There is only minimal surround channel use. The subwoofer kicks in on occasion. There are a couple of decent explosions of various bombs and incendiary devices throughout, and for the most these are nicely pumped through the LFE.
|Surround Channel Use|
A static screen listing the cast with a link to the filmography of director Blake Edwards.
Navigated to from the above screen. Several pages of films that director Blake Edwards had involvement with over many years.
This featurette appears to have been made around the time of the film. It runs for 15:26 and despite mostly showing film footage and accompanied by a voiceover narration, it does offer some interesting behind-the-scenes sights of film making in the 1960s. It really does look like the budget was enormous for this film, judging by the costumes and locations used. Worth a look.
Quite a decent trailer this one, despite featuring that American voice-over guy that did all the early 60s films. Running for 2:53, it is of similar quality to the main film being presented in an aspect ratio of 2.35:1 and complete with 16x9 enhancement. Audio is only centre channel mono. It shows many of the slapstick moments featured throughout, but not in any real coherent order. In other words it really doesn't spoil the plot.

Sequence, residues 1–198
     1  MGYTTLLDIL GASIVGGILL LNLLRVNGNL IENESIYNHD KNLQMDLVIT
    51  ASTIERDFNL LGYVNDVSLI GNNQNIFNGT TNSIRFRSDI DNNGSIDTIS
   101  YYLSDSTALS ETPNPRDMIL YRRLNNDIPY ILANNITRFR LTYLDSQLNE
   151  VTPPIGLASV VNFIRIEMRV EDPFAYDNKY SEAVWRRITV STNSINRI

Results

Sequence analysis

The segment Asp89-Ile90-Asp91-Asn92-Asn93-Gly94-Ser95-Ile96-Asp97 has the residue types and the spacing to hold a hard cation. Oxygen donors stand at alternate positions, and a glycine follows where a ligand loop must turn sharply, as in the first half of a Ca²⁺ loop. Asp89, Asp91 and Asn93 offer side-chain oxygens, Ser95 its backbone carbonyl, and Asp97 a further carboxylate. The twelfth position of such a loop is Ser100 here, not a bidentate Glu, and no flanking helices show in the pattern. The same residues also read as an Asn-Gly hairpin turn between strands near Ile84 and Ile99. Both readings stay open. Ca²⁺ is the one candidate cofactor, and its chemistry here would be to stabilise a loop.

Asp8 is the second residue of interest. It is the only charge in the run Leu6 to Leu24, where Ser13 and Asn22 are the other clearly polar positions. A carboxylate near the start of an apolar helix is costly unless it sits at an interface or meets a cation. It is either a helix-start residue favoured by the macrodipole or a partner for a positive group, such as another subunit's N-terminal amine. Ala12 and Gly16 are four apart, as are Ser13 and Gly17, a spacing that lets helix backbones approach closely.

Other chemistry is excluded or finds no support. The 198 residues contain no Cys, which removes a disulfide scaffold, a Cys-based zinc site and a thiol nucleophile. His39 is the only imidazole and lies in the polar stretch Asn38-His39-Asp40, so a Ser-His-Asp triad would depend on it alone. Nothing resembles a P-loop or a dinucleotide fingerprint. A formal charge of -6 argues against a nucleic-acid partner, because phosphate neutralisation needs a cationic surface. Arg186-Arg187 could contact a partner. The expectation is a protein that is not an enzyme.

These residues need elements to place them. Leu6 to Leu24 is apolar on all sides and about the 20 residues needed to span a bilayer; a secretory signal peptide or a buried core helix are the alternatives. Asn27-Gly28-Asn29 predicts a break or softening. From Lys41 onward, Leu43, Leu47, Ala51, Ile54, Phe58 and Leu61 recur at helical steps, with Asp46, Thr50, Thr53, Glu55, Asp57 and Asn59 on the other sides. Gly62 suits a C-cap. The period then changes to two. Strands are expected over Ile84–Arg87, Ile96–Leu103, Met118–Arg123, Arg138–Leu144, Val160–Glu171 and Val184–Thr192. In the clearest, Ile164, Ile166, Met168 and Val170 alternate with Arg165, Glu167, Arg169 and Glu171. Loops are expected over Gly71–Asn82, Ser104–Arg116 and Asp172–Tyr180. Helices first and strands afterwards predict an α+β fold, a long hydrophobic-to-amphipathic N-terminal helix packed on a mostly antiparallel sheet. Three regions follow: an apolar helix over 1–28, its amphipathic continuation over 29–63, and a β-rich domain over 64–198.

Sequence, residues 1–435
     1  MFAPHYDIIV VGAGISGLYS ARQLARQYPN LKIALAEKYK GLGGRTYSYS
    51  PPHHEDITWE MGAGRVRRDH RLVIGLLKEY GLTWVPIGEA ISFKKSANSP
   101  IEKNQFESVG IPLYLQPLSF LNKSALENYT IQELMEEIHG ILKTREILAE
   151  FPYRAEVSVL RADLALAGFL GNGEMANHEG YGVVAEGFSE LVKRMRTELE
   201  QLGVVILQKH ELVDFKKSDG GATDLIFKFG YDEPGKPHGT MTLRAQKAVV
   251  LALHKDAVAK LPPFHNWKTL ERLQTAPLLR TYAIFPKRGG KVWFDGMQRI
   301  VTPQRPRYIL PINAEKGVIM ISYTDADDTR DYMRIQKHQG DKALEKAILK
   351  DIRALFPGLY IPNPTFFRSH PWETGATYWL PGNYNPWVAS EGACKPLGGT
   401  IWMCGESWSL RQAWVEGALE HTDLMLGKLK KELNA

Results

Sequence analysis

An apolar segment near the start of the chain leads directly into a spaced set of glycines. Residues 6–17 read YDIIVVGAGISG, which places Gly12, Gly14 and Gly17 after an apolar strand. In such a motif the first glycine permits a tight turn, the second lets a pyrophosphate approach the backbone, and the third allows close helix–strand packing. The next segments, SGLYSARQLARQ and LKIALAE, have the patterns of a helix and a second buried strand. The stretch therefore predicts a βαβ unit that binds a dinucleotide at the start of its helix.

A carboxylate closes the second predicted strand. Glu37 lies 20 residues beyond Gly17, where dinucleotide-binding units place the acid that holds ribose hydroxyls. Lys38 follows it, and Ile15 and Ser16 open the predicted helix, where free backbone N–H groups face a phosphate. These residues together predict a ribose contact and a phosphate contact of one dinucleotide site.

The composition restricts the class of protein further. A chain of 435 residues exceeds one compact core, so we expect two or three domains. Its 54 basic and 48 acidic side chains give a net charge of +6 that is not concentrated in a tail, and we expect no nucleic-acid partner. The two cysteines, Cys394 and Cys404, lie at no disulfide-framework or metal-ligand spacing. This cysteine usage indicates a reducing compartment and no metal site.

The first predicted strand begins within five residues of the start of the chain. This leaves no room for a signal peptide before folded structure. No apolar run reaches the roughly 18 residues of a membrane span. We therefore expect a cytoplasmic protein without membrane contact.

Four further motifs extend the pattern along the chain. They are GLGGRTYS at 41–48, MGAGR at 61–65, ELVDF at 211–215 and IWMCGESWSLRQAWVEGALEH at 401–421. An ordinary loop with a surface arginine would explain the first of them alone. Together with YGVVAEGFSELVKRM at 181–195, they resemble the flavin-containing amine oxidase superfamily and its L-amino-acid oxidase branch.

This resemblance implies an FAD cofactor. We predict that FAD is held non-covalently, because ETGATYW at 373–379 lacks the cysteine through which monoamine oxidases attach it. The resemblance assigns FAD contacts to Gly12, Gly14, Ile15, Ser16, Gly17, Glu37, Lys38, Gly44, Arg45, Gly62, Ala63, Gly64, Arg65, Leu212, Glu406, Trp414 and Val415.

A pretty pointless one page static screen highlighting that the film won the Oscar for Best Sound Effects.
NOTE: To view non-R4 releases, your equipment needs to be multi-zone compatible and usually also NTSC compatible.
No comparison needed here, since this NTSC Region 4 release is obviously the exact replica of its Region 1 cousin. Go for the Region 4 for its price advantage.
The Great Race is a long film. I know a race from New York to Paris is going to take a while, but with the first forty odd minutes dedicated to pre-race shenanigans, it is really stretched to the limit. It's slapstick all round, but thankfully the joke doesn't wear too thin, and the various contraptions that Professor Fate continues to wheel out are reminiscent of RoadRunner cartoons and always great fun. Jack Lemmon in particular is a real hoot in the role of the evil Professor Fate.
Despite the Region 4 NTSC label on the front cover, this video transfer is rather good, with a superb colour scheme and almost no film artefacts. The only negative is the rather obvious 3:2 pulldown artefacts evident whenever the camera pans around.
The audio is a remastered Dolby Digital 5.1 soundtrack, which while betraying its mono origins at times, is still good fun when coupled with the Oscar-winning sound effects.
The extras are limited, with the behind-the-scenes featurette being the most worthy addition.
|DVD||Loewe Xemix 5106DO, using RGB output|
|Display||Loewe Calida (84cm). Calibrated with Video Essentials. This display device is 16x9 capable.|
|Audio Decoder||Built in to amplifier/receiver. Calibrated with Video Essentials.|
|Speakers||Front - B&W 602S2, Centre - B&W CC6S2, Rear - B&W 601S2, Sub - Energy E:xl S10|